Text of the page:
Some issues, such as interstate pipelines and air quality, are clearly better regulated at a federal level, while others are more suited to the state or local level. For example, uniform federal Clean Air Act regulations prevent states from creating “pollution havens” to attract business.

Similar concerns exist between state and local regulation. The state, as a whole, may want to encourage development of some kind, but communities and local authorities may have a different perspective. Such is the case for oil and gas production, fracking and brine disposal.…

Oil and Gas Surge Impacts Title Searches and Policies of Title Insurance – Part Two of a Two Part Series

As I  touched on in a recent post, the surge in oil and gas exploration and the accompanying concern with mineral rights and interests have created significant challenges for county recorders and title insurance companies across the state.  The strong demand on county offices (often in counties still feeling effects from the recession) for time to search the official record often exceeds the office’s resources and hours. The results range from interested parties banking on uncertain alternative search companies to underwriters denying mineral interests in their loan policies. 

Read on after the jump.…

Contradiction In The Ohio Dormant Minerals Act

Inconsistencies and ambiguities in the Ohio Dormant Minerals Act, Ohio Revised Code § 5301.56 (the “ODMA”), set the stage for legal battles that are just beginning.  Oil and gas operators may get caught in the crossfire.

Operators need to be aware of at least one glaring inconsistency in the current version[1] of the ODMA that sometimes makes it difficult to determine who owns a mineral interest that has been severed from the surface estate.  This inconsistency could render a lease meaningless, and make a lessee a trespasser, if the lease is not signed by the right party. …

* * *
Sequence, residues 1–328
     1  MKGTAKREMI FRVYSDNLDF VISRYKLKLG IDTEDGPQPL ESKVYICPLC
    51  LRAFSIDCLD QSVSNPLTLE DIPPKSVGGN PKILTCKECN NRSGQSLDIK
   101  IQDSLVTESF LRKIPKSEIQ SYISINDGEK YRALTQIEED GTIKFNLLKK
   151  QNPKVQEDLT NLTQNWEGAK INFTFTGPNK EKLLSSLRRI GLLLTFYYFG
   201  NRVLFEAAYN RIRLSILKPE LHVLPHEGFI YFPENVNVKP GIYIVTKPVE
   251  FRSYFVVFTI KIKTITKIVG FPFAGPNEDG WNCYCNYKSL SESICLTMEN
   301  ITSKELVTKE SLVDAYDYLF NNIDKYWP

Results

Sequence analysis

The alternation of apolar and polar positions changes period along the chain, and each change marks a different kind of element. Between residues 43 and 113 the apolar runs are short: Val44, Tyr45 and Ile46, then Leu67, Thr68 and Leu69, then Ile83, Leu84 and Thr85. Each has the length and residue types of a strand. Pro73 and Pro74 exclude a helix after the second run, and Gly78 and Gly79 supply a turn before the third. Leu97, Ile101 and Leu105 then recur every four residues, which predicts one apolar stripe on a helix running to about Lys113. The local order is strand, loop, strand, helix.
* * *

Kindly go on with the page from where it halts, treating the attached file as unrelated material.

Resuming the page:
Ownership of Oil and Gas in Ohio

“The basic underlying theme of oil and gas law is still undeniably rooted in property concepts developed over the past 1000 years.”

Bruce Kramer, “The Mangling of Common Law Property Concepts”,
33 Washburn Law Journal 540, 568 (1994)

If you own land in Ohio, do you own the oil and gas under your feet?
We expect that most landowners would say, “Yes.” It would seem to follow, as our concept of land ownership is that one’s property includes, as they say, everything to the heavens and to the center of the earth. That concept has served us well in many aspects of real property law, but it has its limits. If a plane flies over your property is it trespassing? Closer to the point, if there is a wild raccoon on your land, do you own it? Is oil and gas like coal and trees or more like moving water? If you do own the oil and gas under your property, your property is more valuable, isn’t it? Can you be taxed for that value?